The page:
35 snake species native to Illinois call this natural area home

The bio-diversity at LaRue-Pine Hills can't be found anywhere else in the country.

You can easily say hello to Mother Nature at LaRue-Pine Hills.

(Source: Nora Davis)

It is a natural area tucked within the Shawnee National Forest located just outside of Wolf Lake, Illinois.

LaRue-Pine Hills is most famous for the great migration across Snake Road.

A portion of this road is closed every spring and fall to help protect thousands of reptiles and amphibians as they make their way between summer and winter habitats.

Inside this natural area, you’ll find about 66 percent of the amphibians and 59 percent of the reptiles known to occur in Illinois.

We’re talking about 35 species of snakes that slither around including cottonmouths, rattlesnakes, and copperheads.

The big question: why here?

It has a lot to do with the combination of the 150-foot limestone bluffs that stand right next to a swamp.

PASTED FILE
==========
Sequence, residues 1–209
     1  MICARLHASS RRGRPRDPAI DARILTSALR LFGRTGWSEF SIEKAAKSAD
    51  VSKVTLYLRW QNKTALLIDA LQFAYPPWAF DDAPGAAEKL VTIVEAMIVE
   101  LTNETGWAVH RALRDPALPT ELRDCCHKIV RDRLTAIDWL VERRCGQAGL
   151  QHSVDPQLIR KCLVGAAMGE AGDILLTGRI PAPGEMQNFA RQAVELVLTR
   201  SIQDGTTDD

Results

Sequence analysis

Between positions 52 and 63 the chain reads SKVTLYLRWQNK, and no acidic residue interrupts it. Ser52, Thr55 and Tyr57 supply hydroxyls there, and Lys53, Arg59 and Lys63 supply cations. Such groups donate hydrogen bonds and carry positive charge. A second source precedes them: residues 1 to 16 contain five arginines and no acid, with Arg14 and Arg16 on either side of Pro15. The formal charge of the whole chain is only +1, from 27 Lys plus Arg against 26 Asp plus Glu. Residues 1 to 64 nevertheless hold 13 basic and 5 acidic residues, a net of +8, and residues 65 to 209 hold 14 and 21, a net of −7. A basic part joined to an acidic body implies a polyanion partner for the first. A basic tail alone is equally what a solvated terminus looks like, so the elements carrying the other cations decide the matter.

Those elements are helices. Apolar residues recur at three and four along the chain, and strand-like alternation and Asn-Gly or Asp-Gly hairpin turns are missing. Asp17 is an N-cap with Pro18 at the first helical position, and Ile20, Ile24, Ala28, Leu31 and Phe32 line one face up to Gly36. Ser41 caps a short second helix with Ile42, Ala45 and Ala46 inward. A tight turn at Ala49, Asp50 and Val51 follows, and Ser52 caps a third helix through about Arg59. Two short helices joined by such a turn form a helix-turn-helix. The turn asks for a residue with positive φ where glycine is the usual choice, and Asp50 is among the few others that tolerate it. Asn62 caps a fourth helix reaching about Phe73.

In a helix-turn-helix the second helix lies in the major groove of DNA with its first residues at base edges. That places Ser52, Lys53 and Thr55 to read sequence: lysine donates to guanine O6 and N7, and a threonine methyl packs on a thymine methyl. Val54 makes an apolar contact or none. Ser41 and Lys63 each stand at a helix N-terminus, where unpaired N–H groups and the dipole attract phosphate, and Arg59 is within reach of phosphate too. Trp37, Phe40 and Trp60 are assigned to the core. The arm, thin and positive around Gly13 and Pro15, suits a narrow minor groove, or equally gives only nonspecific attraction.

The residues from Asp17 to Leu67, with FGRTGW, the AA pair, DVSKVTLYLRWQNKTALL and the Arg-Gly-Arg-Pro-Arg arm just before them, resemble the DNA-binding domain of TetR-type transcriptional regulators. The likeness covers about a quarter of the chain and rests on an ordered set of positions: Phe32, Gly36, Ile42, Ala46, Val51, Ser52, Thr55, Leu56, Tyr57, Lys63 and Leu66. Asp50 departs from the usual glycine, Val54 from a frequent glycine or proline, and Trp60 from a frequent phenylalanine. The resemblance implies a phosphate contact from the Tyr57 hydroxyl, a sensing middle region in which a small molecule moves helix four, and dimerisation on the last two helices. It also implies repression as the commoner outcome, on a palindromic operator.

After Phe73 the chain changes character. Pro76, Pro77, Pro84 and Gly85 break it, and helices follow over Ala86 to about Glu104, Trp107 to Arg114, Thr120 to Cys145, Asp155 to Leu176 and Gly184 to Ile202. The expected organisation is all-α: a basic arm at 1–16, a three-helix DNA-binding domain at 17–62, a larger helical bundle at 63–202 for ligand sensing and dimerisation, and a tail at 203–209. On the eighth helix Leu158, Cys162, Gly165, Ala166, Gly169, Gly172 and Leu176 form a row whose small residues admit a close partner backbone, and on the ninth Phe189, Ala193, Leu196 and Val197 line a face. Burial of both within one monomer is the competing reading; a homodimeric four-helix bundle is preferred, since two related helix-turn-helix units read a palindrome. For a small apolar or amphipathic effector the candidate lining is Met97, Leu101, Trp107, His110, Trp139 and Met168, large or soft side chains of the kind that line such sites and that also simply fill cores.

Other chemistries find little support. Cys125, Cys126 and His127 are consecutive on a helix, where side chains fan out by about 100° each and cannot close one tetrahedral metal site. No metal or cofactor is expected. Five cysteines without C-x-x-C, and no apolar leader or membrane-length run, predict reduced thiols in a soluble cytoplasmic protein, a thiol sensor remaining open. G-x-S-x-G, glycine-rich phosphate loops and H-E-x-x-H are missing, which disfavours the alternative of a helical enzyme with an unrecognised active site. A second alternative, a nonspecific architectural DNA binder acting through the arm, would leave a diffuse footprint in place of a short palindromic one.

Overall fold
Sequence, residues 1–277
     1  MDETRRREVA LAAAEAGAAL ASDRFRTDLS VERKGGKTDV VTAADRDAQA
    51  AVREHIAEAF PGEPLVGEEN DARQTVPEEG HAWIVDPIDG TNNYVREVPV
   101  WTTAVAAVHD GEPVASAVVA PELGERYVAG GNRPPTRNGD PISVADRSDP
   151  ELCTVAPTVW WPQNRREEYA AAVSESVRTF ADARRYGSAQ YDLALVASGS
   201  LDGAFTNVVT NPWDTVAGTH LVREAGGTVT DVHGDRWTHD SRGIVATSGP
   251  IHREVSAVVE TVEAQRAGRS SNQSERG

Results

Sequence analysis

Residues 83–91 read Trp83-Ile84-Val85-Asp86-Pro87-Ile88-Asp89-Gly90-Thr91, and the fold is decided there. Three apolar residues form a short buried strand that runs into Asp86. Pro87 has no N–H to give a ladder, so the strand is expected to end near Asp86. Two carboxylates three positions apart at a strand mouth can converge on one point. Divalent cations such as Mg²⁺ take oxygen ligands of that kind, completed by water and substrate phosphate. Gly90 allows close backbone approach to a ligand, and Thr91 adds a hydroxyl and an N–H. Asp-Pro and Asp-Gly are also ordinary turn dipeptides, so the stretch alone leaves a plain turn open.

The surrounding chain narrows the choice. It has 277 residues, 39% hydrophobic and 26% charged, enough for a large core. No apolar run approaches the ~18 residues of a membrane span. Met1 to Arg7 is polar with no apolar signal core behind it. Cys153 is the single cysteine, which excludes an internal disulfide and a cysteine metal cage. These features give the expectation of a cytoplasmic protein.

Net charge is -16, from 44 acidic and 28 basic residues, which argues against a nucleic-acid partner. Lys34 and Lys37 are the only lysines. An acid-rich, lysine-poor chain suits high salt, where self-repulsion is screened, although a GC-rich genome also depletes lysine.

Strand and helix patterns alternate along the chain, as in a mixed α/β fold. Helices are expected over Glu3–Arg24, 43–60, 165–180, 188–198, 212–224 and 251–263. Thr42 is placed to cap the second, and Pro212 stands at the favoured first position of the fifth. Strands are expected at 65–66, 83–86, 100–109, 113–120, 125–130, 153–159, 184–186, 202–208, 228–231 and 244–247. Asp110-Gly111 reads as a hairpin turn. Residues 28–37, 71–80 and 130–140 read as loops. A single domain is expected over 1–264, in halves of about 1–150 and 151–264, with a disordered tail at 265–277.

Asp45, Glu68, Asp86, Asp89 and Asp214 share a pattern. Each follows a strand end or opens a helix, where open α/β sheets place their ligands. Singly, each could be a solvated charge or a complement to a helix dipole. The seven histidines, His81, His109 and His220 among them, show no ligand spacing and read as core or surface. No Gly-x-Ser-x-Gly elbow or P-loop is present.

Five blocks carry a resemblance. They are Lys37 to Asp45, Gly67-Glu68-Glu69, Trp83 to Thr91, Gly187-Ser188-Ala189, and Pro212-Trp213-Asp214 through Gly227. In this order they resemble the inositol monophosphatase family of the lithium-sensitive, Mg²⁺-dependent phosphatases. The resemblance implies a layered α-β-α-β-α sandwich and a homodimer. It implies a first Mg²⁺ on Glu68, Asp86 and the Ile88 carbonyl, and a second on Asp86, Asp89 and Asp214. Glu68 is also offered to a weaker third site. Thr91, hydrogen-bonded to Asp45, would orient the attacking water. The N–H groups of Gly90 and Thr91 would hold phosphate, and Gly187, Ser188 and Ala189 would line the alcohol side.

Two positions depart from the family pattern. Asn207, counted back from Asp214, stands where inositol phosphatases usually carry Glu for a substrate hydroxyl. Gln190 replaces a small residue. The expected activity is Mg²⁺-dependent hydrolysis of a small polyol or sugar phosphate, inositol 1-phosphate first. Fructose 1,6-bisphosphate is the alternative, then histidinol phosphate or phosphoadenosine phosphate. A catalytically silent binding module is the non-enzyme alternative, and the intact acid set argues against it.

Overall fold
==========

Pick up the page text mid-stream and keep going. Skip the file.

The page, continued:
During the winter, the bluffs make for perfect winter dens, and when it heats up, reptiles and amphibians can move to the feeding grounds in the swamp.

In all, the area covers about 4.5 square miles and contains 14 natural communities including forests, wetland, prairie, glade and barren ecosystems and geologic features.

How to enjoy it all:

  • Take a hike. You can stroll along Snake Road, or trek the Inspiration, Godwin or White Pine trails.
  • Spot a bird or two. About 173 species of bird call the LaRue-Pine Hills area home. There are four marked observation points across the area.
  • Pitch a tent and stay a night. Spend your entire Heartland Weekend at the Pine Hills Campground.

CLICK HERE to map out your visit.